While voting rights advocates celebrated the Supreme Court’s rejection of North Carolina Republicans’ illegally gerrymandered electoral map, the state’s GOP is not tapping the brakes at all on its efforts to subvert democracy and disenfranchise voters.
Republican House Speaker Tim Moore—whose name was on the rejected Supreme Court case—is leading his colleagues to pass an array of other bills that would erode voting rights and unfairly favor Republicans in state elections. Their efforts have been buttressed after obtaining a veto-proof majority in the House in April—thanks to the defection of a Democrat. Last year, the state’s Supreme Court swung from a 4–3 liberal majority to a 5–2 conservative one. Now Moore is considering two bills aimed at disenfranchising voters that recently passed the state’s Senate.
One, Senate Bill 747, would essentially get rid of same-day voter registration, leaving voters instead to have to cast provisional ballots and then follow up and verify their identities later. It would also remove a three-day grace period for votes sent by mail, requiring mail-in ballots to be received by Election Day.
Another, Senate Bill 749, would remove Democratic Governor Roy Cooper’s ability to appoint board members to state and county boards of elections, giving it to the state legislature instead. Republicans have proposed a board with eight members—four Republicans and four Democrats—that would all but guarantee gridlock. Five years ago, the state Supreme Court ruled that a similar effort to prevent the governor from managing the state board impinged “upon the Governor’s ability to faithfully execute the laws.”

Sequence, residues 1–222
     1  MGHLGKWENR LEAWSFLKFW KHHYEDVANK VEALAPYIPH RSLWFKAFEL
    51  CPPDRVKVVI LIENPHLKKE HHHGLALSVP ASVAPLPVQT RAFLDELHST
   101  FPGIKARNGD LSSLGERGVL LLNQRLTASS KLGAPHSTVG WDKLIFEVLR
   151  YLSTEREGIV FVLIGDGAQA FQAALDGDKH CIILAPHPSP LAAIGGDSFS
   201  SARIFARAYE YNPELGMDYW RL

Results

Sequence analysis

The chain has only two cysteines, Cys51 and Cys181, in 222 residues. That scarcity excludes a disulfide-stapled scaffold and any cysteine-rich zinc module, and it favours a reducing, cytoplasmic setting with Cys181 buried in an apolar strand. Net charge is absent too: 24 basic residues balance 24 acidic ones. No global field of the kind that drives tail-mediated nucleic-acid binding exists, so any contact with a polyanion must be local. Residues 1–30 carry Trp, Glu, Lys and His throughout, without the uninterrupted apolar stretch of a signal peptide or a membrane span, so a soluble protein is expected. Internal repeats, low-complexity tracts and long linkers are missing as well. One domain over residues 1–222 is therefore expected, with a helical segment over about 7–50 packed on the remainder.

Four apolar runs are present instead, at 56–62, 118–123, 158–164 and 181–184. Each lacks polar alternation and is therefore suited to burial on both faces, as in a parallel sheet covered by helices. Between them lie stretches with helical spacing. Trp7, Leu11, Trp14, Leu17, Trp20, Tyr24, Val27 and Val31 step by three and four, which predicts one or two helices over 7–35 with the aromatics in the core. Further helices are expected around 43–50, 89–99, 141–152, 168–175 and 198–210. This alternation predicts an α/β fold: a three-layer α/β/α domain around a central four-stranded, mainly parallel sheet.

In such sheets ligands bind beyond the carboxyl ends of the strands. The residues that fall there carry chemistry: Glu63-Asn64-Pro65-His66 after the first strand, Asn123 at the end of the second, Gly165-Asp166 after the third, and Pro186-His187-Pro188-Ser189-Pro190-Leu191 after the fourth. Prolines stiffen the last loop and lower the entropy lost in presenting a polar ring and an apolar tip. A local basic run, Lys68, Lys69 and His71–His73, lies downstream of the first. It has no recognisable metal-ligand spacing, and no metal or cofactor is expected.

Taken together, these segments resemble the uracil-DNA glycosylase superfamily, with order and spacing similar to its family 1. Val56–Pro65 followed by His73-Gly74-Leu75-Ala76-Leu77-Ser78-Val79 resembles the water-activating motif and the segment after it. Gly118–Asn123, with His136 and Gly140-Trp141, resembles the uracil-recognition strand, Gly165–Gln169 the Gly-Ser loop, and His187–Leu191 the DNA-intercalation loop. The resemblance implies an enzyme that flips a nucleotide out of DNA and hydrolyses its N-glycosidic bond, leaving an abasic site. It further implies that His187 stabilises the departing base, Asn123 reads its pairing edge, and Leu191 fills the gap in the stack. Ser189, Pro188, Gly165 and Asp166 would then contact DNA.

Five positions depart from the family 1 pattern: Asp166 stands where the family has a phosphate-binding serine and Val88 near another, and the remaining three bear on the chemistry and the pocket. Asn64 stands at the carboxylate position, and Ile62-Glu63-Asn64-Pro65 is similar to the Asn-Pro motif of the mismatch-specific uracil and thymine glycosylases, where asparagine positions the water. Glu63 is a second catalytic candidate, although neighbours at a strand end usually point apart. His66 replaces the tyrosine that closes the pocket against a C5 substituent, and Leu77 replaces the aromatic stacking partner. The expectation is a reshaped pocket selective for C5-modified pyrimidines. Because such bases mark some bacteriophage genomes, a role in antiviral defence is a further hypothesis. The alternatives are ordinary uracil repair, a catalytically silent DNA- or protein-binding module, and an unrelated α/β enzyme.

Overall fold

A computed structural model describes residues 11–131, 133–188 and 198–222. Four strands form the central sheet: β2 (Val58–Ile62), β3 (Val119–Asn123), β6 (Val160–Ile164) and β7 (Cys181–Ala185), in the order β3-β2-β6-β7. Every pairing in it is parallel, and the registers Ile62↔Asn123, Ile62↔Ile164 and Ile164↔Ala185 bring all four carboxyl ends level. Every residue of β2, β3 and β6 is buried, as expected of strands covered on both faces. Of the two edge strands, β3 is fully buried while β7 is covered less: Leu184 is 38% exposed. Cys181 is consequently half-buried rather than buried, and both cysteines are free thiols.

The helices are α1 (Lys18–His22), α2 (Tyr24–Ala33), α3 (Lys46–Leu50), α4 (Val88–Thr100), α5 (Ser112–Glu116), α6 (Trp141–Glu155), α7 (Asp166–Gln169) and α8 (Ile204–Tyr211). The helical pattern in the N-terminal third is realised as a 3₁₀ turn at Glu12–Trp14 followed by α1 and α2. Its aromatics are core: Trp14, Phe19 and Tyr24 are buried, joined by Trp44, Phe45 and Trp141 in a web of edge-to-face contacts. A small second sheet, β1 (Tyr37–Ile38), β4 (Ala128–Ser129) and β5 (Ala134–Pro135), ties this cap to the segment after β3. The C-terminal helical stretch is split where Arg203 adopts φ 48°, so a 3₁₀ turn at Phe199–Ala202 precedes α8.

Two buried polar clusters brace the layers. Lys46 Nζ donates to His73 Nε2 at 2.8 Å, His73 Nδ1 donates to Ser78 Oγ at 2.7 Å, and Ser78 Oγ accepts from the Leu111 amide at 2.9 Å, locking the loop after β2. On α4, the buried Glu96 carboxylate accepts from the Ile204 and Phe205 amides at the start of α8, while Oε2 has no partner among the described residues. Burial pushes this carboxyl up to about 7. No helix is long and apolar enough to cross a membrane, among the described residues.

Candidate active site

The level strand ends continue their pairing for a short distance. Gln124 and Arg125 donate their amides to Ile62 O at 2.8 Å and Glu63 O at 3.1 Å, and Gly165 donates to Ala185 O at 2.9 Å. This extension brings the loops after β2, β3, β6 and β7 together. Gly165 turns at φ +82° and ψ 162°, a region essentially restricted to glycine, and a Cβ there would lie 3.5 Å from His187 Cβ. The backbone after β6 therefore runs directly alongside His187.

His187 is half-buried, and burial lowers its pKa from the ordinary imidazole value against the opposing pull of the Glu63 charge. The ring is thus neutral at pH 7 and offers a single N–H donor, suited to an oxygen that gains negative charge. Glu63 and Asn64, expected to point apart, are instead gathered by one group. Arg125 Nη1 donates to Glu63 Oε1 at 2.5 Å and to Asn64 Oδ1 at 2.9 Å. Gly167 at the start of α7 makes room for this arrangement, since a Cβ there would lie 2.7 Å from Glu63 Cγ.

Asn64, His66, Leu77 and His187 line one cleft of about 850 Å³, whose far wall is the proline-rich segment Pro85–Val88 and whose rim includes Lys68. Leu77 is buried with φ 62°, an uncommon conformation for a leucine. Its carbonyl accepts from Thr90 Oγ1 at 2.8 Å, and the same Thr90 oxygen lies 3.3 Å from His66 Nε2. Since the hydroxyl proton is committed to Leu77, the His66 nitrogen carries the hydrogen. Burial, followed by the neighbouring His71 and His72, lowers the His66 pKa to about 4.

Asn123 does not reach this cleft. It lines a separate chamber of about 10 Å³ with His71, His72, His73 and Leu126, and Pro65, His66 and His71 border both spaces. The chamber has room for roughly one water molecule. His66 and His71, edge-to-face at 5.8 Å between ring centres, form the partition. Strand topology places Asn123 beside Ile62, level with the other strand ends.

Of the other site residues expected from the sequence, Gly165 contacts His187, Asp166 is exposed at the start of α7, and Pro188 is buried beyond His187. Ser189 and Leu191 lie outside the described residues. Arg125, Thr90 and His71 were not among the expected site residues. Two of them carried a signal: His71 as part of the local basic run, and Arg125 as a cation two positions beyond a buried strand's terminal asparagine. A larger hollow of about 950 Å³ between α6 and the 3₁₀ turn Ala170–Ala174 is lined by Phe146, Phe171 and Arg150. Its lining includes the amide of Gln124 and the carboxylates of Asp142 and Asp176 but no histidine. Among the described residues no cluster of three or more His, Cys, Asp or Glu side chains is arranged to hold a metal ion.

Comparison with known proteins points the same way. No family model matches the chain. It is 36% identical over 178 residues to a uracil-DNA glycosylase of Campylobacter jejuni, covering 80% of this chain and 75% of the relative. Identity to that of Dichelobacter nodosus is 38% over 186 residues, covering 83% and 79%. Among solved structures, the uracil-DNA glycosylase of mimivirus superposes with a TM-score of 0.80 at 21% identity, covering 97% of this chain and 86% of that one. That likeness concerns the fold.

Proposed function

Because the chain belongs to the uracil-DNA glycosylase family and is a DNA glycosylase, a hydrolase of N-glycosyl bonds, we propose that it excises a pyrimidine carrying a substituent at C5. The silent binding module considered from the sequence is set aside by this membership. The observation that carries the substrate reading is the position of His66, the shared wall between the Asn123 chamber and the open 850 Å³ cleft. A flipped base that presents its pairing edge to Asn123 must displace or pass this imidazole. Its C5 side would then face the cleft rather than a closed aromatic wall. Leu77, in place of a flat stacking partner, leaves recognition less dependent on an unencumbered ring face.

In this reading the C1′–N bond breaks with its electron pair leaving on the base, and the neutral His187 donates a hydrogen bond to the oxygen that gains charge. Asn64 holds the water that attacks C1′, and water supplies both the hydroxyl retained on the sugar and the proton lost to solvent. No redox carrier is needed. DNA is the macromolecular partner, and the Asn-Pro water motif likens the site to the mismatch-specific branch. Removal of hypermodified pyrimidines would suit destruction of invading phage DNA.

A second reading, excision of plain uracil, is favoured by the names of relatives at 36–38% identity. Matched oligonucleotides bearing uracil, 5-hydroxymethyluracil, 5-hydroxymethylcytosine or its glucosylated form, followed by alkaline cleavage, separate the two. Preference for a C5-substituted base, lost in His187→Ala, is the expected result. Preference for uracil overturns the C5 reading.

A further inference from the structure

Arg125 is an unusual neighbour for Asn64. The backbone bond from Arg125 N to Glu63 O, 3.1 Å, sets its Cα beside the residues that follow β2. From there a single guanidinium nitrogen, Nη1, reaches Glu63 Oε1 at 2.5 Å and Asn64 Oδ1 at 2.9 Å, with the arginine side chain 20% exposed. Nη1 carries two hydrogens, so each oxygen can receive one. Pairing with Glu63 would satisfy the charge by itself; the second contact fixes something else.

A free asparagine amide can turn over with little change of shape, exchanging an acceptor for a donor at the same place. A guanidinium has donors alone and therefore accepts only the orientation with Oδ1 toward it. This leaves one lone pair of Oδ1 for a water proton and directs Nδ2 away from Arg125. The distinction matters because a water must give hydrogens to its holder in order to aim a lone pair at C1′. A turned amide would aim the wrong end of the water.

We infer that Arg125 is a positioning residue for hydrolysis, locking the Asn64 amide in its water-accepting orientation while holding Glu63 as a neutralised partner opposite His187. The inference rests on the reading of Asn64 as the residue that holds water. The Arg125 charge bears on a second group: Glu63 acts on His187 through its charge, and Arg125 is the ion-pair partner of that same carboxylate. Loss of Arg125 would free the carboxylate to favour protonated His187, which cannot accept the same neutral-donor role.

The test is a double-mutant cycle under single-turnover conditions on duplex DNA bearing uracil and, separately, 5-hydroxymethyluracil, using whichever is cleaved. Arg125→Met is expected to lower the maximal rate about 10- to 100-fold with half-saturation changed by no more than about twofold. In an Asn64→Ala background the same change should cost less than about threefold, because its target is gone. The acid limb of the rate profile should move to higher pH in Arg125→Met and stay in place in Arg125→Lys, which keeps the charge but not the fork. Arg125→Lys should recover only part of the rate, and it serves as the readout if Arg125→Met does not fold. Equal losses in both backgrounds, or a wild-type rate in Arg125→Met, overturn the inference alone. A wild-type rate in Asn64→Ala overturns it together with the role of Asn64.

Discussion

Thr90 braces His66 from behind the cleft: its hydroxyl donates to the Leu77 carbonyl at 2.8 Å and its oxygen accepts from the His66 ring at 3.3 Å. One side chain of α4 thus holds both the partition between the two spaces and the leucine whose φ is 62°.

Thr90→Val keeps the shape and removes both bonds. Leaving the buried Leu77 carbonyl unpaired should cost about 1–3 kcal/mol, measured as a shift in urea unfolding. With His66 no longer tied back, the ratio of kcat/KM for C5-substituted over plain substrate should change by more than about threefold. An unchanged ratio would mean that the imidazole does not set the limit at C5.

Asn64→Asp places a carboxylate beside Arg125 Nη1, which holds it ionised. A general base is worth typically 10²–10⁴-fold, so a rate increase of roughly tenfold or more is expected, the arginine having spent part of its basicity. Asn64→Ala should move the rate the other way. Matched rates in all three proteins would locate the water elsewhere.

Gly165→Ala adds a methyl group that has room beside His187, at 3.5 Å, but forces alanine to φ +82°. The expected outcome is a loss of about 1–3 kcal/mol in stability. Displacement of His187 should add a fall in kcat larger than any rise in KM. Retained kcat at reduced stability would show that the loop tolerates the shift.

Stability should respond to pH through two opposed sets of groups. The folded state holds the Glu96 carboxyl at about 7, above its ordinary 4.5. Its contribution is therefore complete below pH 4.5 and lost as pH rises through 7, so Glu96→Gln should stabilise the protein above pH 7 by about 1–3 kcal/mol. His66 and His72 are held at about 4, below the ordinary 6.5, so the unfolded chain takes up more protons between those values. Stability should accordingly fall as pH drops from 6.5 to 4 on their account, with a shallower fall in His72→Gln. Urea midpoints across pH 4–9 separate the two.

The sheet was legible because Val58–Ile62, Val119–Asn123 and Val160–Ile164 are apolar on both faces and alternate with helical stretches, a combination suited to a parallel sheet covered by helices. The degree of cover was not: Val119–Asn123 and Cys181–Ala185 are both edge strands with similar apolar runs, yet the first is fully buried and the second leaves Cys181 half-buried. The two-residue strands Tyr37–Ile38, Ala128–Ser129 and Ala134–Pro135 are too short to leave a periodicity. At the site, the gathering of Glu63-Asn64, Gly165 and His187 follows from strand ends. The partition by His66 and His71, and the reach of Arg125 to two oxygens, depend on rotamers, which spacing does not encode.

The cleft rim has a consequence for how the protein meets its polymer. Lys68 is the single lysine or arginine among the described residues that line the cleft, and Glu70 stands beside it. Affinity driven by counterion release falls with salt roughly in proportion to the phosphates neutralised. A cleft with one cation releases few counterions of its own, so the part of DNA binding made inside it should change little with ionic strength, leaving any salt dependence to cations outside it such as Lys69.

More on the state Supreme Court: After conservatives secured control, they reversed the court’s prior ruling rejecting Republicans’ gerrymandered map. In the new map approved by the Supreme Court, an evenly divided vote would produce 10 House seats for Republicans and only four to Democrats. North Carolina currently has seven Republican representatives and seven Democratic ones—a reasonable split given that the state narrowly voted for Donald Trump in 2020.
The court also reversed a prior decision surrounding a photo ID requirement. In a case (once again with Moore’s name on it), the court declared such a requirement unconstitutional; but now, a requirement demonstrably targeting minority voters is also set to be on the books, right alongside the gerrymander and aforementioned anti-democratic bills.
Right-wing election deniers like lawyer Cleta Mitchell, who supported Donald Trump’s efforts to overturn the 2020 election, have been working with North Carolina Republicans to try and make all this magic happen.